This is an excerpt from Outtakes, a Globe Opinion newsletter from columnist Renée Graham. Sign up to get this in your inbox a day early.
Dissatisfied with harsh working conditions and an insufficient amount of time off, my left knee recently went on strike.
I tried to convince myself that this was surprising. That’s the story I told the orthopedist I finally visited. But my knee’s not-so-quiet quitting has been apparent for weeks, if not longer. That stressed out joint kept screaming and I kept treating it like some unspecified noise from an old car — just turn up the music and drown it out. Eventually I made a few concessions, like taking escalators instead of stairs. I bought a compression sleeve, popped some ibuprofen every few days, and assumed, “This, too, shall pass.”
Except it didn’t.
In 1999, filmmaker Baz Luhrmann had a hit with “Everybody’s Free (To Wear Sunscreen).” He set to music a spoken word version of a 1997 Chicago Tribune column by Mary Schmich. One line in particular stuck with me: “Be kind to your knees. You’ll miss them when they’re gone.” I’ve rarely been kind to my knees. As a kid, I was an avid athlete who never stretched, never worked out, but showed up at game time and often won. At the time, I didn’t recognize that our bodies also keep score. I grew up watching “Soul Train” and learned the dance moves of the legendary Lockers — especially knee drops. I continued to do them well into my 40s until one night it suddenly occurred to me that slamming my knees on the ground probably wasn’t a great idea.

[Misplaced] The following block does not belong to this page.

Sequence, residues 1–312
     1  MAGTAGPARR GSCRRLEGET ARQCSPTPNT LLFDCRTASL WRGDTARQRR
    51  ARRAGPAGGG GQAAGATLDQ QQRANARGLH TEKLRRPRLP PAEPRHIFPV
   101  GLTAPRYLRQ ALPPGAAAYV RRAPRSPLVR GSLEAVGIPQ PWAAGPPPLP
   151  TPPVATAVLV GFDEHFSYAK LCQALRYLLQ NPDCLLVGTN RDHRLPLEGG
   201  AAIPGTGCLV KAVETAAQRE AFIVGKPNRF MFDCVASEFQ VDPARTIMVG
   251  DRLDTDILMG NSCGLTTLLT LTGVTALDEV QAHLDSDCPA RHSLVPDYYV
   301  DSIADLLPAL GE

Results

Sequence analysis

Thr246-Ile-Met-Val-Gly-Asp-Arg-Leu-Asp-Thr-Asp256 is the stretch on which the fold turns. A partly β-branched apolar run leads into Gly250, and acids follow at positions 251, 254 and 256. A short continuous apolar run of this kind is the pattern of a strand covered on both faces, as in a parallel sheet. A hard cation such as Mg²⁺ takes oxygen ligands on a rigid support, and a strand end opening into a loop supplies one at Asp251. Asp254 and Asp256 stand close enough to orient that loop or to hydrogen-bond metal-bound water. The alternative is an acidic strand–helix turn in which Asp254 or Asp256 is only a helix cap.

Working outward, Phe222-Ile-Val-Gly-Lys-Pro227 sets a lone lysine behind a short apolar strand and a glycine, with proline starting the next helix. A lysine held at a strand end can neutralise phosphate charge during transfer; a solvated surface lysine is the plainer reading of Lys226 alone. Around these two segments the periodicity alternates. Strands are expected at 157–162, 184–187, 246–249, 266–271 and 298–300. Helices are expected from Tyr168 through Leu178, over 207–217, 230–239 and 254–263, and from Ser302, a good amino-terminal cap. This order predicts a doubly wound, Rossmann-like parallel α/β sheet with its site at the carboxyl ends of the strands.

More recently, I’ve read studies about the dire consequences of sitting too long yet I still find myself sitting at my desk too long with my legs contorted in the least ergonomic positions imaginable.
But there was also this indelible shadow. In my family’s inexhaustible history of medical maladies, few loom larger than arthritis. The disease ravaged my grandmother’s knees; in the last 30 years of her life, she had both of them replaced several times. (She used to joke that her surgical scars meant her miniskirt-wearing days were over.) In the nearly 40 years that we shared on this planet, I never saw her walk without a pronounced limp. I’ve feared arthritic knees like others fear snakes or heights.
Now it’s official — I have arthritis in my left knee.
My doctor assured me it’s “just a little bit,” and with a few weeks of icing, topical gel, and a lot of ibuprofen, I should feel better. Unlike my grandmother, and three close friends in recent years, I don’t need a knee replacement. Yet.
These days when I’m not researching standing desks or proper ergonomics, I dream about knees. A lot. I look at the knees of strangers and wonder if they’re treating them with kindness. Recently I saw a little girl fall while walking downtown. She let out a small yelp and grabbed her leg. With a slight wobble, she got to her feet, caught up with her mother, but kept rubbing her knee. She bit her lip to keep from crying. And all I could think was, “You have no idea, kid. But you will. Someday, you will.”
Renée Graham is a Globe columnist. She can be reached at email@example.com. Follow her on Twitter @reneeygraham.